12. A method for detecting molecular signals from a sample, the method comprising:
(a) inserting the samples into a magnetically shielded detection apparatus to provide molecular signals;
(b) injecting white noise into the magnetically shielded detection apparatus;
(c) detecting a combination of the white noise and the signal emitted by the signal source by way of a first order gradiometer having a signal sensing coil, and a noise cancellation coil;
(d) comparing the combination with the white noise; and
(e) adjusting an amplitude of the white noise until the combination takes on a different characteristic than the noise through stochastic resonance.
13. The apparatus of claim 8, wherein the two elements of the Helmholtz coil are pivotable with respect to each other.
Description
FIELD OF THE INVENTION

The present invention relates to an apparatus and method for detecting low-frequency molecular electromagnetic signals.

BACKGROUND OF THE INVENTION

It has recently become apparent that all molecules emit very low-threshold electromagnetic emissions, or signals. The detection of molecular electromagnetic signals opens up numerous opportunities in the fields of science, medicine and industry. For example, if the low-threshold molecular electromagnetic signal of a food contaminate could be detected during production and packaging, less reliable existing methods of detecting contamination could be eliminated. Another potential use of such molecular electromagnetic signals is the detection of substances within the human body, including, but not limited to, antigens, antibodies, parasites, viruses, abnormal cells, etc.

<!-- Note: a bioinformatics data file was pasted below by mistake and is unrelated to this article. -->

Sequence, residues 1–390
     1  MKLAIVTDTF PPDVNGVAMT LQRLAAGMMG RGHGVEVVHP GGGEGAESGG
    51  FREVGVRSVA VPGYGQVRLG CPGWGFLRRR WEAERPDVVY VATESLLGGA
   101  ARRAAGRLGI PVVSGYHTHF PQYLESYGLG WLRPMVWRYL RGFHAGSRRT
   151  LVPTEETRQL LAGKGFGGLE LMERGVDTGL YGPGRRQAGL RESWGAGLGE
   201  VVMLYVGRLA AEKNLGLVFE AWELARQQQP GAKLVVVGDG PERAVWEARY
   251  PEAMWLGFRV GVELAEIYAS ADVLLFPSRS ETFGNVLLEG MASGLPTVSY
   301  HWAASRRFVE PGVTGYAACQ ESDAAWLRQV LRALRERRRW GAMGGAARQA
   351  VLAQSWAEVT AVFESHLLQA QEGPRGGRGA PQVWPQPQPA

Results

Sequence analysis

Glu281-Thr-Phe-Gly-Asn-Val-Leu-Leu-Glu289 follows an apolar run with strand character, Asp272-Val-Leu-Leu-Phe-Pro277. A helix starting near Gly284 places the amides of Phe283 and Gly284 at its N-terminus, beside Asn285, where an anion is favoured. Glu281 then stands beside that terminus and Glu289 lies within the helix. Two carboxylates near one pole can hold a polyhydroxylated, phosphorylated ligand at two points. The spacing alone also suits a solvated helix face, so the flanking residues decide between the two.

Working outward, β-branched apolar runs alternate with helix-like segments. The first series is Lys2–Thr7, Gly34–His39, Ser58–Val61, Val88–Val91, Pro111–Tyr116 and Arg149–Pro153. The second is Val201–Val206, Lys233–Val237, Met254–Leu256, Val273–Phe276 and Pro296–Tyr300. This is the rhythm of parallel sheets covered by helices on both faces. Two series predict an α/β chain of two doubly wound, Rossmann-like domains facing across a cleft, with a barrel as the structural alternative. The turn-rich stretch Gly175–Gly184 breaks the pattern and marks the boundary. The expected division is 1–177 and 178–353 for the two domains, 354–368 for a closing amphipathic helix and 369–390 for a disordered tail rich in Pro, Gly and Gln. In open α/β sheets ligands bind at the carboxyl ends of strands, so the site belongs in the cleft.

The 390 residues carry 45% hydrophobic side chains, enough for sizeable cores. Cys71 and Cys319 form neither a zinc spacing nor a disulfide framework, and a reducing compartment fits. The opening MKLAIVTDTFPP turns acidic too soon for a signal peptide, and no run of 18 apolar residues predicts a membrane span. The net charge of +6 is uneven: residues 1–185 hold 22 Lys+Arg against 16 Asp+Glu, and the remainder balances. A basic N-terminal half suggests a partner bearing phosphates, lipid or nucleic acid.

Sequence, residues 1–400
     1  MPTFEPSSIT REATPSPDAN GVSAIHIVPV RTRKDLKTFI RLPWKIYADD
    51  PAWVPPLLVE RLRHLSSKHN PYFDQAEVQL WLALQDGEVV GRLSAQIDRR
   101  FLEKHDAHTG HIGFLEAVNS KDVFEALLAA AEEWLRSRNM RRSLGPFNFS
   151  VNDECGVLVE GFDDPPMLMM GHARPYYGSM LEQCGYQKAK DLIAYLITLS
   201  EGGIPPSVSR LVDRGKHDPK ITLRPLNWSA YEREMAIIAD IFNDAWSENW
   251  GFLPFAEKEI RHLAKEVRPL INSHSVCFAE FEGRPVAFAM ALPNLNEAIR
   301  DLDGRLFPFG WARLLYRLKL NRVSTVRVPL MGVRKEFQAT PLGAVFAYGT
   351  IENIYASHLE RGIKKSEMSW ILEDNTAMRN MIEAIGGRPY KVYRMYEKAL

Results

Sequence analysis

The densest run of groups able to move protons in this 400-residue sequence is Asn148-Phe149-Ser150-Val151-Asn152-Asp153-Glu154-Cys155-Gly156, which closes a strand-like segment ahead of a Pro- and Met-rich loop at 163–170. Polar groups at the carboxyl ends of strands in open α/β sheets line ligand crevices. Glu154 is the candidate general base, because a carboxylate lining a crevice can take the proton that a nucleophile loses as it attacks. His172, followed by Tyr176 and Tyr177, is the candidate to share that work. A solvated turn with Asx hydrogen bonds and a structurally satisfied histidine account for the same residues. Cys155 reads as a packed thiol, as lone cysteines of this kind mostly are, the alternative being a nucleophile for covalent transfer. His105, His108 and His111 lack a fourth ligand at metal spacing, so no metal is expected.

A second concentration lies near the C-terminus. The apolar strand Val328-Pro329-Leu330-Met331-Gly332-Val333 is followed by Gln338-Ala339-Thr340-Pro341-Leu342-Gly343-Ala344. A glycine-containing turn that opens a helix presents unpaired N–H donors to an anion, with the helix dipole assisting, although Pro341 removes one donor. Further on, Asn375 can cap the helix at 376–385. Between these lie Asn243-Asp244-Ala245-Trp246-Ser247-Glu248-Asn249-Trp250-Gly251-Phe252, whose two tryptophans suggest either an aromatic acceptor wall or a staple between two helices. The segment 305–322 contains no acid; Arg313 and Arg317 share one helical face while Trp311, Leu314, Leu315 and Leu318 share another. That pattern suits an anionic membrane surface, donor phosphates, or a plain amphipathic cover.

However, recognition of a particular electromagnetic signal first requires the measurement and categorization of such a signal. Existing apparatuses and methods for the detection of molecular electromagnetic signals do not detect a pure, repeatable signal. One known method for the detection and processing of electromagnetic signals is placing a sample substance in a shielded enclosure, subjecting the sample to electromagnetic excitation and detecting the excited signals with the use of a detection coil. This method results in a poor signal quality because of the relative lack of sensitivity of the apparatus and method used. In addition, excitation of the sample substance can result in a pattern of signals that are different than the electromagnetic signals of the substance in its natural state.